Nye County was one of seven Nevada counties affected when the Nevada Department of Health and Human Services announced the elevated disease transmission criteria for determining whether a county must revert to Phase 1 of the state’s reopening plan for bars.
Gov. Steve Sisolak on Thursday said bars that don’t serve food will be forced to once again close in certain counties, a directive which will go into effect at 11:59 p.m. Friday, July 10.
“Congregating at bars poses a significant risk and is one of the most dangerous things we can do right now,” Sisolak said. “Across the country we have seen far too many instances where hospital capacities are fine one day, and then are overwhelmed the next with increased COVID-19 patients. We do not want that to happen here.”
When DHHS on Friday announced the elevated disease transmission criteria for determining whether a county must revert to Phase 1 for bars, it was announced that counties that met two of the three criteria would be considered “Elevated Disease Transmission” counties, subject to the restrictions as laid out by Sisolak on Thursday.
The criteria measures average number of tests per day, the case rate and the test positivity rate.
The first number is the average number of cases resulted during the previous week in a county, divided by the number of people living in the county. This number is then multiplied by 100,000 to control for varying populations in counties. Counties that average fewer than 150 tests per day will meet this criteria. Nye County’s number is barely half that at 77.5, joining Douglas, Eureka, Humboldt, Lincoln, Lyon, Pershing and Storey counties as meeting the criteria.
The second number is the total number of cases diagnosed as positive and reported over a two-week period divided by the number of people living in the county. This number is then multiplied by 100,000 to control for varying populations in counties. Counties with a case rate higher than 100 will meet this criteria. Nye is more than twice that number at 204.6, joining Clark, Elko, Lander and Washoe counties in meeting that criteria.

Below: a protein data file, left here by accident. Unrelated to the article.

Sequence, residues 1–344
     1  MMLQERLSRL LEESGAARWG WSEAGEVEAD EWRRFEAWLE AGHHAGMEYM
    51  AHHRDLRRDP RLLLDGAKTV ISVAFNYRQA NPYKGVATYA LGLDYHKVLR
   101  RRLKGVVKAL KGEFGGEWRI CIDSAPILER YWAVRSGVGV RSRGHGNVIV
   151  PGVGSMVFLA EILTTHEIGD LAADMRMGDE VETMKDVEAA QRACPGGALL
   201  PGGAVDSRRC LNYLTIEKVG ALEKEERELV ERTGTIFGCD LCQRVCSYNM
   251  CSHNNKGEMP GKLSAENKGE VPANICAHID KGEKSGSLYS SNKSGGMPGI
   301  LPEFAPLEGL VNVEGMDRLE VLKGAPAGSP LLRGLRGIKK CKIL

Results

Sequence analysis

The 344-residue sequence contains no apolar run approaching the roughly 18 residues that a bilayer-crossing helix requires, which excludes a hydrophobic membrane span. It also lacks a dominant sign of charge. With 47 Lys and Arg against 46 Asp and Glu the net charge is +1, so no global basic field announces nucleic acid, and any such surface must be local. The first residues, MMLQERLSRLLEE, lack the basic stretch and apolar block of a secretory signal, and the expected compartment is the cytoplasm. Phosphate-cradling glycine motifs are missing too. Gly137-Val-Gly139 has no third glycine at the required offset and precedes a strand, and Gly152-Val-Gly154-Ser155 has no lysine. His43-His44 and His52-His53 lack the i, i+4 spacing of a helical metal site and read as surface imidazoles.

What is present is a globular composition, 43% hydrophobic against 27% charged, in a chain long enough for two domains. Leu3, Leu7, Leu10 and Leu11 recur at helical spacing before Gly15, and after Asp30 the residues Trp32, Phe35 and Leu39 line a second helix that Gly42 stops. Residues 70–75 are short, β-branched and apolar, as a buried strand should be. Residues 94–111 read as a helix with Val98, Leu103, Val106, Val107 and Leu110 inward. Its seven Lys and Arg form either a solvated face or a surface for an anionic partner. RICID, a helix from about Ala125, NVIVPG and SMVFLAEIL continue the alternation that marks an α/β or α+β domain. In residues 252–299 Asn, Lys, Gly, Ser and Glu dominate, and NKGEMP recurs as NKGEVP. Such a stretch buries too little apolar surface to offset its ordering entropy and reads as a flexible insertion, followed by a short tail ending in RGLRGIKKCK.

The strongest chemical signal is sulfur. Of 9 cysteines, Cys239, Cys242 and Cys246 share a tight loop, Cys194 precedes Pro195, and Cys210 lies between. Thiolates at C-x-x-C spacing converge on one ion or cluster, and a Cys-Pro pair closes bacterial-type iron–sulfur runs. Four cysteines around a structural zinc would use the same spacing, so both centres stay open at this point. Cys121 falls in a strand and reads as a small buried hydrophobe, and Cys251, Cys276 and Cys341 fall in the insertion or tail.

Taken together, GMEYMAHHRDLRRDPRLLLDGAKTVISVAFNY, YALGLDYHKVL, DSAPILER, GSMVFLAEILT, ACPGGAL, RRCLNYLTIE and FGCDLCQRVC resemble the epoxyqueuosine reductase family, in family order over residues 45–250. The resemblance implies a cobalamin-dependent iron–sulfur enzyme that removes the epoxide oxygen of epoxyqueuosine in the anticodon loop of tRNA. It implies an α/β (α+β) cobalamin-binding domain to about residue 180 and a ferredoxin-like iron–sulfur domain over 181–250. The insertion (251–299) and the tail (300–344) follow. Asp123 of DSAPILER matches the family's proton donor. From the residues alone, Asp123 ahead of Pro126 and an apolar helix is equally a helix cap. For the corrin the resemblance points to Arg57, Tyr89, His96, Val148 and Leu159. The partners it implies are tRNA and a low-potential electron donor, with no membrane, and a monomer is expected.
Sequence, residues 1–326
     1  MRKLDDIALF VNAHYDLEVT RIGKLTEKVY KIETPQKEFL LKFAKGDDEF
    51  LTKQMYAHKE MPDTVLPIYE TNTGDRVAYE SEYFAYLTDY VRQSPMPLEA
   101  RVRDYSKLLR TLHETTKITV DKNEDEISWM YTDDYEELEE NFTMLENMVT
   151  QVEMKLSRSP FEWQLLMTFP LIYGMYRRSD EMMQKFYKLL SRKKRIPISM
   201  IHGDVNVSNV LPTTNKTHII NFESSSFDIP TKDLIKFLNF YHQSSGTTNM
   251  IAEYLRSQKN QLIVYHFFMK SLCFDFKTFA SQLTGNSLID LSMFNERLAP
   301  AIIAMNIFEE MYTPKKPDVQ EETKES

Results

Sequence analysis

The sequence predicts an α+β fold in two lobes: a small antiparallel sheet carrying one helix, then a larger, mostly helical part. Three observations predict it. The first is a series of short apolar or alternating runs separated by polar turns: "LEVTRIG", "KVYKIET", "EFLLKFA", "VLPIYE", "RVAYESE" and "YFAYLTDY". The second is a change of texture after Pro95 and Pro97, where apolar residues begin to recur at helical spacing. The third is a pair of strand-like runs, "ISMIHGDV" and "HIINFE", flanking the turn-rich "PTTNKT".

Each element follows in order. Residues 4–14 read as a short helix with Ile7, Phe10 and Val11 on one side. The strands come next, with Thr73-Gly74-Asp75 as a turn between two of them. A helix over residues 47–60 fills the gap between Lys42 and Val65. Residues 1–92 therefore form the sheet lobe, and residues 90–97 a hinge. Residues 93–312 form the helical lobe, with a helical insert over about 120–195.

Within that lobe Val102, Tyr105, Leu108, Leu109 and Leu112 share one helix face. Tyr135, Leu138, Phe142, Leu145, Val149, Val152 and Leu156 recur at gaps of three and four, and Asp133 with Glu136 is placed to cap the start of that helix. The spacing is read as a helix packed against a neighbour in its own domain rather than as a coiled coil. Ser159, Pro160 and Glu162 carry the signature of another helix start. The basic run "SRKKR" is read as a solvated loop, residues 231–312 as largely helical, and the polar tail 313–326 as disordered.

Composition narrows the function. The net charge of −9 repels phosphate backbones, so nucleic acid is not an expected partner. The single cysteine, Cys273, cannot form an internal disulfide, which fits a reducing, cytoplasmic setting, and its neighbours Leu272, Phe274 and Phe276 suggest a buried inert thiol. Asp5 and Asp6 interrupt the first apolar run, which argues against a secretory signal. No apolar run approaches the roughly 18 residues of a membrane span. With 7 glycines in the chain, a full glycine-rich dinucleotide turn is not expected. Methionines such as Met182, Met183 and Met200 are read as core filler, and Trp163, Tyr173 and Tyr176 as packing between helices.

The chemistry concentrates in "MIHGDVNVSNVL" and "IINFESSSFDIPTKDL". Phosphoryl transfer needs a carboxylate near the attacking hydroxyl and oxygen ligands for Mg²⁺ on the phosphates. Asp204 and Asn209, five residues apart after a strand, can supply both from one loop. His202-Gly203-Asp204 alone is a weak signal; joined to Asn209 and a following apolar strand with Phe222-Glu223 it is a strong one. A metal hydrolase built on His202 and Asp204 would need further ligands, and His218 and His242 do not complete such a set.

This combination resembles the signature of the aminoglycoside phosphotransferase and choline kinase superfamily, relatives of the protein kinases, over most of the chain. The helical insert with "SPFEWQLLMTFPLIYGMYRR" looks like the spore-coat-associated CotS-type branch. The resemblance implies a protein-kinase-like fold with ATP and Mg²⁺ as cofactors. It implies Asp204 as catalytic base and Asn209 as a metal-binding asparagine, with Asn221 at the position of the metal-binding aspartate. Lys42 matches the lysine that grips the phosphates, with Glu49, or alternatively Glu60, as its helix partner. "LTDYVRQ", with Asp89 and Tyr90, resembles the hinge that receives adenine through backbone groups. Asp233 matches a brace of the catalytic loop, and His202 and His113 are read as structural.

The third number is the total number of cases diagnosed as positive averaged over a seven-day period, with a seven-day lag, divided by the number of people living in the county. Counties that have a case rate higher than 25 and a test positivity rate higher than 7% will meet this criteria. Nye is at 18%, higher than all but Humboldt and Lander counties and joining Carson, Clark, Elko, Lyon and Washoe counties in meeting that criteria.
By comparison, Esmeralda, Eureka, Lincoln, Mineral, Pershing and Storey counties were at 0%, White Pine is at 1%, and Churchill is at 2%.
Nye is the only county in the state that meets all three of the criteria, while Clark, Elko, Humboldt, Lander, Lyon and Washoe each meet two and will be subject to the restrictions.
Counties will be reevaluated no earlier than two weeks and must show positive trends in two of the three risk criteria to be allowed to reopen. In addition to reducing their elevated disease transmission risk, counties must also submit a reopening plan that includes mitigation initiatives and compliance plans to the Department of Health and Human Services for approval to reopen. The first seven counties will be reevaluated Friday, July 24.
Additional counties who are deemed an Elevated Transmission Risk County may be added to this list based on the criteria at any time and will be re-evaluated on their own two week schedule.
Under the directive, bars, pubs, taverns, distilleries, breweries and wineries that don’t serve food are closed to the public but may offer curbside pickup or home delivery where allowed by local authorities. Customers cannot congregate while waiting for curbside pickup.
Bars, pubs, taverns, breweries, distilleries and wineries not licensed to serve food and located in a county with an Elevated Disease Transmission shall close and remain closed, including these same establishments located in restricted or nonrestricted gaming establishments. They are permitted to offer curbside delivery and home delivery where permitted by local code or ordinance.
Restaurants and food establishments, bars, pubs, taverns, breweries, distilleries and wineries licensed to serve food in a restaurant-type setting, including those in a restricted or nonrestricted gaming establishment, must close bar tops and bar areas to customers, but bar beverages may be served at tables outside of the bar area for on-site consumption. Customers must only be served via table services and may not order from a bar top area.